A dozen US senators unveiled bipartisan legislation Tuesday expanding President Joe Biden’s legal authority to ban TikTok nationwide, marking the latest in a string of congressional proposals threatening the social media platform’s future in the United States.
The legislation, called the Restricting the Emergence of Security Threats that Risk Information and Communications Technology (RESTRICT) Act, does not target TikTok specifically for a ban. But it aims to give the US government new powers, up to and including a ban, against foreign-linked producers of electronics or software that the Commerce Department deems to be a national security risk.
The proposed law takes a wide-ranging approach to fears that companies with ties to China could be pressured by that country’s government into handing over Americans’ sensitive personal information or communications records. In the case of TikTok, lawmakers have said China’s national security laws could force TikTok’s Chinese parent, ByteDance, to provide access to TikTok’s US user data.
TikTok CEO Shou Chew said this week the company has never received such a request from the Chinese government and would never comply with one. The company has taken voluntary steps to wall off US user data from the rest of its global organization, including by hosting that data on servers operated by the US tech giant Oracle. The company is also negotiating a possible agreement with the Biden administration that could allow TikTok to continue operating in the United States under certain conditions.
In a statement, TikTok spokesperson Brooke Oberwetter said a US government ban would stifle American speech and would be “a ban on the export of American culture and values to the billion-plus people who use our service worldwide.”
But that has not stopped many policymakers from seeking tougher measures against the company.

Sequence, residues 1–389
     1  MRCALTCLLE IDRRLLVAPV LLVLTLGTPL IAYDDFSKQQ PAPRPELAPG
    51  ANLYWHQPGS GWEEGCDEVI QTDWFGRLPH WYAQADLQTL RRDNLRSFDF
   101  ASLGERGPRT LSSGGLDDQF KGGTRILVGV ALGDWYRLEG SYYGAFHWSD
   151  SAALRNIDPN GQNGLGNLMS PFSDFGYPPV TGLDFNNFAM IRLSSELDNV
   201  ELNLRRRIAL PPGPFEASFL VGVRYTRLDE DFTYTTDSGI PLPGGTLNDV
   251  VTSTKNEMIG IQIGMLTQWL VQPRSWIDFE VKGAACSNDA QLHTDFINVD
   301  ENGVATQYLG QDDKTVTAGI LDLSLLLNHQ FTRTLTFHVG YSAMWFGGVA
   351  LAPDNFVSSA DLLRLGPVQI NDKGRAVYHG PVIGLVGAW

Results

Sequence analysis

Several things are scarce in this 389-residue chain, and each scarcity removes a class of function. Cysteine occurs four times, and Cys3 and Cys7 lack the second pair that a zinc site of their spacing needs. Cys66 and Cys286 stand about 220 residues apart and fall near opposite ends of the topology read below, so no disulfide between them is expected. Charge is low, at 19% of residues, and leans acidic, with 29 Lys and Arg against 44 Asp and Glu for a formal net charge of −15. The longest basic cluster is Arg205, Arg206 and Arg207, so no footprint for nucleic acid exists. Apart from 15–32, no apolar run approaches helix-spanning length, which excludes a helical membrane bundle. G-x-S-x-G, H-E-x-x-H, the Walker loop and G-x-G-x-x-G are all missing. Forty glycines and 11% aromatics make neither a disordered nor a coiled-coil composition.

Last week, the House Foreign Affairs Committee advanced a bill that would require the Biden administration to issue a nationwide TikTok ban if an assessment of the platform found potential risks to US user data — risks that multiple administration officials have already said exist.
Tuesday’s bill, unveiled by Senate Intelligence Committee Chairman Mark Warner and South Dakota Republican Sen. John Thune, is less prescriptive — granting the Commerce Department wide discretion to identify, and then to mitigate, perceived risks stemming from technology produced by companies with ties to foreign adversaries including China, Russia, Iran, North Korea, Cuba and Venezuela.
The bill specifically directs the Secretary of Commerce to “identify, deter, disrupt, prevent, prohibit, investigate, or otherwise mitigate” national security risks associated with technology linked to those countries. It enables the Commerce Secretary to negotiate, enter into, impose and enforce “any mitigation measure” in response.
That latitude would reflect an entirely new authority granted to the Secretary of Commerce, not authority derived from the International Emergency Economic Powers Act.
The legislation would cover a broad range of technologies in addition to social media, Warner said, including artificial intelligence, financial technology services, quantum computing and e-commerce. The bill’s text also prioritizes technology in satellite and mobile networks, cloud services and storage, internet infrastructure providers, home internet gear, commercial and personal drones, video games and payment apps, among others.
Under the bill, the US government would also be required to declassify and share evidence gathered by the intelligence community to substantiate allegations that a given company or product poses a national security risk.
The bill would shift US policy away from an ad hoc scramble focused on individual companies, and provide the US government with a systematic legal structure for addressing tech-driven spying threats, Warner said.
In recent years, US concerns about Chinese espionage have largely focused on telecommunications companies such as Huawei and ZTE, who produce wireless gear for cellular networks. But those have expanded to include makers of surveillance cameras and, more recently, apps and software makers such as TikTok.
“Instead of playing whack-a-mole on Huawei one day, ZTE the next, Kasperky, TikTok — we need a more comprehensive approach to evaluating and mitigating these threats posed by these foreign technologies from these adversarial nations,” said Warner, adding that the bill was crafted in consultation with the Departments of Commerce, Defense, Justice and Treasury, along with US intelligence officials, the Federal Communications Commission and the White House.
In a statement, National Security Adviser Jake Sullivan endorsed the bill, calling it “a systematic framework for addressing technology-based threats to the security and safety of Americans.”
“This will help us address the threats we face today, and also prevent such risks from arising in the future,” Sullivan said.
Warner added that the legislation has “sparked a lot of interest” from other senators beyond the 12 co-sponsors and among some members of the House in both parties.